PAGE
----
The use of meat in dog food
Dogs are non-obligate carnivores, rather than omnivores, which means their teeth, digestion, enzymes etc are primarily that of a carnivore, but they have adapted to cope with small amounts of vegetable and grains. Nevertheless it is important for us as dog owners to understand the use of meat in dog food, and the way that production companies communicate this information to us.
As with human food labelling, ingredients are listed in order of amount included (by weight). So the first ingredient on the list is present in the greatest amount and the last ingredient in the smallest amount. This matters a great deal, once you begin to work out whether a feed is of a quality that you are happy with.
The main components of most dog foods are:
- Some kind of animal carcass product; ideally meat, but not always (more on this in a moment).
- Grain or non-grain carbohydrate/fibre source, such as sweet potato, legumes (like peas or soya) or potato
- Additional foodstuffs, for example, herbs, kelp, egg, seeds (e.g. linseed meal), various sugars, beet pulp (fibre).
- Micronutrients (vitamins and minerals).
- Health improvers like prebiotics and probiotics, joint supplements.
Is the meat in dog food all the same quality?
Protein is needed in your dog’s body to build muscle, enzymes, hormones, blood, hair and much more. Indeed, every cell contains protein, and it is an essential nutrient for health and wellbeing. Likewise every cell of an animal that is eaten, everything from muscle to feet, bone to brain, and blood to intestine contains protein, but it’s not all of the same quality (nutritionally) or digested as easily. This just means that the protein eaten isn’t necessarily all available for the dog’s body to use, and that some of it will pass out undigested.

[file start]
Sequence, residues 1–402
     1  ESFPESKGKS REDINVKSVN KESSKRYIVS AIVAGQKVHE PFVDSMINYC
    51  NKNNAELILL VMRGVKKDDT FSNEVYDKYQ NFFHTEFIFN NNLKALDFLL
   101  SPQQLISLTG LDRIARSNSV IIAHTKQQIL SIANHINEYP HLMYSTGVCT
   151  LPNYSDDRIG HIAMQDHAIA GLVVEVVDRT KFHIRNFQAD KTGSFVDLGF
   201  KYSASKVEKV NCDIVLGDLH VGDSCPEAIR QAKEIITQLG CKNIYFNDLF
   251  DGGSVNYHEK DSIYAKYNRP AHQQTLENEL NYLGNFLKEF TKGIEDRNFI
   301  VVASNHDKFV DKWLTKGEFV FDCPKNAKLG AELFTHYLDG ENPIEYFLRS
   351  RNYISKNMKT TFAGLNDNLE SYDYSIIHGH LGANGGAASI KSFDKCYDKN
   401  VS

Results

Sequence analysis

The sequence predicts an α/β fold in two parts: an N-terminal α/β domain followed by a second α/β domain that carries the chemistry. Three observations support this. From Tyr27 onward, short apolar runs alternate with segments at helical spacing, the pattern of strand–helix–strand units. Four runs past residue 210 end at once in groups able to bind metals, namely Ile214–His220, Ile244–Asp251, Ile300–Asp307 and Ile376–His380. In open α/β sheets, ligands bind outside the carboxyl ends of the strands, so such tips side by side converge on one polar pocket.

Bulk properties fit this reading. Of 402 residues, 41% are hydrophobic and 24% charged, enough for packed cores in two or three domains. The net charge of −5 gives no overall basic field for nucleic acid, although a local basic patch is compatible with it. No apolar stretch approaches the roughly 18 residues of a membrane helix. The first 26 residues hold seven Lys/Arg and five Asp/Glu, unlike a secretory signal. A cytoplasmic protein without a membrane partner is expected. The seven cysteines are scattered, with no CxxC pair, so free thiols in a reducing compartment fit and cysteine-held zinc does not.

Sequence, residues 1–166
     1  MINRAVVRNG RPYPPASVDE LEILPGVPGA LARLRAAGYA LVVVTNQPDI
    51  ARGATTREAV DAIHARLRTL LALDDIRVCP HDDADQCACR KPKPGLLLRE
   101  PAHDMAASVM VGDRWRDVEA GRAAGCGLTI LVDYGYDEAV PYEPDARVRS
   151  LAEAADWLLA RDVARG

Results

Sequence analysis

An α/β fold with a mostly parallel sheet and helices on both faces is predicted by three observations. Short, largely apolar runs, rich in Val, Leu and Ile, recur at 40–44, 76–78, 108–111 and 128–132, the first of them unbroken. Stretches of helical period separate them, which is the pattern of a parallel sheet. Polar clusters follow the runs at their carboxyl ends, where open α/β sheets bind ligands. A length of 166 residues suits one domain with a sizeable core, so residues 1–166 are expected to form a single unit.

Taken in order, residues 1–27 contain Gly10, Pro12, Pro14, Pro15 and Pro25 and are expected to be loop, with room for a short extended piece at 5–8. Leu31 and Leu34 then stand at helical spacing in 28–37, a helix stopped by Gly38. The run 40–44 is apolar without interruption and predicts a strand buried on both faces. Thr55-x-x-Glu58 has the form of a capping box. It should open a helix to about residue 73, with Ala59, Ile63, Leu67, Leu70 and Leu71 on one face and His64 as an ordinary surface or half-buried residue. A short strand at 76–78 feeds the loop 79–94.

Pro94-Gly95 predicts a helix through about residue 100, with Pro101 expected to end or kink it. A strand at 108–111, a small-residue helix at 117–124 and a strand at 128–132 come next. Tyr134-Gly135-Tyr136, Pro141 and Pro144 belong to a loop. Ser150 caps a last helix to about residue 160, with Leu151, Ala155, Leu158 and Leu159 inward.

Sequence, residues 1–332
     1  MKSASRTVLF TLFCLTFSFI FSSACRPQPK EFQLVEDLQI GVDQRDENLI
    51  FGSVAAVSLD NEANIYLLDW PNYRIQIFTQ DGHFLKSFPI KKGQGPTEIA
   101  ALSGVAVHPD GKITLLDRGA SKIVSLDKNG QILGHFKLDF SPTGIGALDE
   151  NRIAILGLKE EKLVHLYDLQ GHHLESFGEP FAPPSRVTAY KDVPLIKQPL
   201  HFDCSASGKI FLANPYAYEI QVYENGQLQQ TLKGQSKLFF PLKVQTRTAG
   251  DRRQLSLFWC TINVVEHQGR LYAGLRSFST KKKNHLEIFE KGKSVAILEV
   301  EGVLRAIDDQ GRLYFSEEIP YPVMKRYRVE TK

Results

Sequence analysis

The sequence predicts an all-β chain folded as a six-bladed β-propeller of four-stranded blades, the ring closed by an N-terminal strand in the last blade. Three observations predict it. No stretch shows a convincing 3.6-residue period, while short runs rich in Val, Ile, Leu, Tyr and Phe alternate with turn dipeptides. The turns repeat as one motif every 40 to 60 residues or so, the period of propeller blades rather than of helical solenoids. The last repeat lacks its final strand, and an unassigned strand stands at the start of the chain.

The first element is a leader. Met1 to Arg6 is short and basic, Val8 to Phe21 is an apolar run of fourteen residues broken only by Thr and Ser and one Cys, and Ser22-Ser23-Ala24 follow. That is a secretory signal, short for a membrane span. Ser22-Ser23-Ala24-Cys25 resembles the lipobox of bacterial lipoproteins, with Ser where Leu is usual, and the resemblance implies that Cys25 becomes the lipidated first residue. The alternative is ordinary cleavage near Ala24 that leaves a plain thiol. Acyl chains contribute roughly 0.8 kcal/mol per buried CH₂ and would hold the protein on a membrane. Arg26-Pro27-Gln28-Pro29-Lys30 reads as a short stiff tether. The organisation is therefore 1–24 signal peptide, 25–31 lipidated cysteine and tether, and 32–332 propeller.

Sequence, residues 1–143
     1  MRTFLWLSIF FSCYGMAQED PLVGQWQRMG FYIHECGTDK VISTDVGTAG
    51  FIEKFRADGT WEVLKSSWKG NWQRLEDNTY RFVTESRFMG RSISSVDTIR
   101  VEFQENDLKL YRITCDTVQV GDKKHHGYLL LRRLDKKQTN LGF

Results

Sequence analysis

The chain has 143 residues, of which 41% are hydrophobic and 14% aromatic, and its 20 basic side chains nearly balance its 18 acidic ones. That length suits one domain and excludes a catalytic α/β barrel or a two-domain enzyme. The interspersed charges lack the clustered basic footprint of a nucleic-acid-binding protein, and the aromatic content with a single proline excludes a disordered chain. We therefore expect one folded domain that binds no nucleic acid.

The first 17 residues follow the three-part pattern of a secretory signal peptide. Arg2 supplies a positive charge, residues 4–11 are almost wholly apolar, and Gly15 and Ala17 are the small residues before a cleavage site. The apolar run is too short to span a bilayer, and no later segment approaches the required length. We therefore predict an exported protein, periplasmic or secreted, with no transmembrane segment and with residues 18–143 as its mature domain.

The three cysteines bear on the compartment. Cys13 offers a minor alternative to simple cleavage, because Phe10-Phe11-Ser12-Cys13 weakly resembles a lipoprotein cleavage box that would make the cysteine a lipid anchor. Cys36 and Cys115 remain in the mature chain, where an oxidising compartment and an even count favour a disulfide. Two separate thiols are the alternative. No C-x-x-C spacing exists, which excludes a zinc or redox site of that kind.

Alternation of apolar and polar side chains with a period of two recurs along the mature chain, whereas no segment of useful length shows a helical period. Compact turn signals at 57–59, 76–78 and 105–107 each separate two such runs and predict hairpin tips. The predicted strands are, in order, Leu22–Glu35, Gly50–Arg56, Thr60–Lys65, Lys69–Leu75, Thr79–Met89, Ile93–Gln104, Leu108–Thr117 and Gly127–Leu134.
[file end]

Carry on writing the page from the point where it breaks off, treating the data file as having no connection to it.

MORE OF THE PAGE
Around 50% of an animal that is bred and killed for human consumption is NOT used in the human food chain, and since an ancestral dog would naturally eat an entire ‘kill’, there is no issue with dog food cleaning up our ‘waste product’. However, a problem arises when their food is *primarily* poor quality proteins, which are not as easily digested or readily available for the dog’s body to use. This issue can be compounded by the fact that we often add a large proportion of grain to dog food. Grain also contains protein, but at a much lower level than meat, so adding it reduces the overall protein content of the diet. The protein in grain is also less digestible (available) to a dog than the protein in meat. Grain is primarily starch, and unlike wolves, dogs have evolved – alongside man – to have a small amount of the enzymes needed to digest starch.
Grain is around a quarter indigestible starch (fibre), which itself assists in maintaining a healthy gut, but maize (corn) and wheat are harder for a dog to digest than rice. As much as another quarter of a portion of wheat or maize is not digested, meaning that essentially only half of the amount put into a dog food is actually available to the dog’s body to use. In this sense, these grains can be viewed as cheap fillers – if cost was not a primary consideration it would make sense (nutritionally) for rice or sweet potato to be the primary carbohydrate in all dog food, as (apart from the fibre) they are almost entirely digested.